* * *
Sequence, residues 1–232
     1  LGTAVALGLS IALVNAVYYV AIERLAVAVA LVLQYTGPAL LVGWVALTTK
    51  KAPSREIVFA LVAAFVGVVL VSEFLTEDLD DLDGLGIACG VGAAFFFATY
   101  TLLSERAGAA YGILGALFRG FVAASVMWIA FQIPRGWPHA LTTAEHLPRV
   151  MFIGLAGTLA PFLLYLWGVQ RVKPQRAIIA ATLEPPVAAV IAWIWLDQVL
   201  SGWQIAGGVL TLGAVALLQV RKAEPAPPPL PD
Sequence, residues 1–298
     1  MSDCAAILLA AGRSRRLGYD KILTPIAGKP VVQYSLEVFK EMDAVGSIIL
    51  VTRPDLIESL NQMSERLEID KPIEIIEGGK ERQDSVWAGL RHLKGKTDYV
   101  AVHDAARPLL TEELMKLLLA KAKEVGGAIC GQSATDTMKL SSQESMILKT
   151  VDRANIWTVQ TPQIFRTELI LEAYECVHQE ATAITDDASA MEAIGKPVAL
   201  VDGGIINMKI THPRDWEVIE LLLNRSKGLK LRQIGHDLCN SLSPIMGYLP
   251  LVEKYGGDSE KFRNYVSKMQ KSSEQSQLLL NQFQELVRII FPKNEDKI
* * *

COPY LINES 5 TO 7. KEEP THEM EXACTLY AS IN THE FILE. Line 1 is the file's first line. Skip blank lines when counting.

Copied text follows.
   151  MFIGLAGTLA PFLLYLWGVQ RVKPQRAIIA ATLEPPVAAV IAWIWLDQVL
   201  SGWQIAGGVL TLGAVALLQV RKAEPAPPPL PD
Sequence, residues 1–298